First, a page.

According to a new report from the National Joint Registry of England and Wales, people who get metal hip replacements are more likely to need another surgery within seven years to replace the device than people who get traditional plastic hip implants. The data from the registry shows that nearly "14 percent of patients who got an all-metal replacement needed the joint removed or replaced after seven years. That compares with just three percent of patients who got a joint made of plastic and needed a replacement within the same time."
A previous report based on data from this registry on the failure rate of DePuy ASR metal-on-metal hip implants made by a division of Johnson & Johnson led to its recall by the US Food and Drug Administration. Among patients who received the DePuy metal hip, almost 30 percent needed a new one. Since that recall, usage of all-metal hip replacements has decreased. In 2006, metal hip replacements were used in about 15 percent of procedures; that’s now dropped to about 5 percent.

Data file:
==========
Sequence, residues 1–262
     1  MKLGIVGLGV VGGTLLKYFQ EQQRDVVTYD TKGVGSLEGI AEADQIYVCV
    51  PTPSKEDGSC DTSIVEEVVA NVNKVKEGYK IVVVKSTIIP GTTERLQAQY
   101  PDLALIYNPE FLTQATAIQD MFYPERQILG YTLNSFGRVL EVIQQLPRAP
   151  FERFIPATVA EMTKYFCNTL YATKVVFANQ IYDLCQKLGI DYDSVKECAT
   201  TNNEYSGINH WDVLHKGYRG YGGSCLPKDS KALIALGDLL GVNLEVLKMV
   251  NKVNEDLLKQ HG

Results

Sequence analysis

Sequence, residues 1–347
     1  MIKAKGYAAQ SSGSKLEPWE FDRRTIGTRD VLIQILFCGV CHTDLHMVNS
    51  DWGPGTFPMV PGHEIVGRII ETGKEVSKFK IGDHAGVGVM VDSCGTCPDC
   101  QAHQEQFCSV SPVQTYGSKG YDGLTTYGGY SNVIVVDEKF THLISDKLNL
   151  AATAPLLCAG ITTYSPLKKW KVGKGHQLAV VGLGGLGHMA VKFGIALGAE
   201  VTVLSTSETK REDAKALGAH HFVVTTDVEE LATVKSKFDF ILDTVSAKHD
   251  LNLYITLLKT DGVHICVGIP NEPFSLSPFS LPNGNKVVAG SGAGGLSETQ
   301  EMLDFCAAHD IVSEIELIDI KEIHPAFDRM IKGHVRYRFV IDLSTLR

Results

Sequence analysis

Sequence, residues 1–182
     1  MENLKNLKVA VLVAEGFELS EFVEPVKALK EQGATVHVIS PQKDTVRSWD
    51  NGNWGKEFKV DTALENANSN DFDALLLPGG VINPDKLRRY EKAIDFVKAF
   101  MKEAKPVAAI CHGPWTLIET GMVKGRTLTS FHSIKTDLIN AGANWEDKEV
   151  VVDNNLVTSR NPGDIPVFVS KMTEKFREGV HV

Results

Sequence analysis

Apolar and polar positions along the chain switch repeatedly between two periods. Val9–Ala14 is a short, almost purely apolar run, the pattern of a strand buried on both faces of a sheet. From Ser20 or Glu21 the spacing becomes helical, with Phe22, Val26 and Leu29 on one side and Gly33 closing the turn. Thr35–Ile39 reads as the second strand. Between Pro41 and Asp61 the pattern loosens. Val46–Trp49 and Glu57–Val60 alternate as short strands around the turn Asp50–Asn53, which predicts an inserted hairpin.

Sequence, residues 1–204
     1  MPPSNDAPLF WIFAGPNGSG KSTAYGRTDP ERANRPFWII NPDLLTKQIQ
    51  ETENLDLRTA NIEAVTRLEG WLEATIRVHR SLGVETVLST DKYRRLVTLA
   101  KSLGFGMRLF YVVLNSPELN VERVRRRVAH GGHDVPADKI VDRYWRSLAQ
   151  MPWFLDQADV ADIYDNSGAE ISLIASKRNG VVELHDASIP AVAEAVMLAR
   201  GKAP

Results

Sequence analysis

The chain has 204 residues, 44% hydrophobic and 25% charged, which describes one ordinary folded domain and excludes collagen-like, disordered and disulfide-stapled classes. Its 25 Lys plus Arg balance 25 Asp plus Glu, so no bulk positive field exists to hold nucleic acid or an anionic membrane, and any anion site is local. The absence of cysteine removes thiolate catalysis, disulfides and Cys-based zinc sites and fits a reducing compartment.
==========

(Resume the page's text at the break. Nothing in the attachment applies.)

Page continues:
Traditional hip replacements usually last more than 10 years, but British officials noted some of the metal hip replacements were failing within a few years. TThis is ironic, since the manufacturers, like DePuy, marketed their metal implants as being more durable and longer lasting. The average age of patients getting hip replacements was 67, many of whom purchased a metal implant believing it would last for the rest of their life. Instead, they are facing traumatic revision surgery.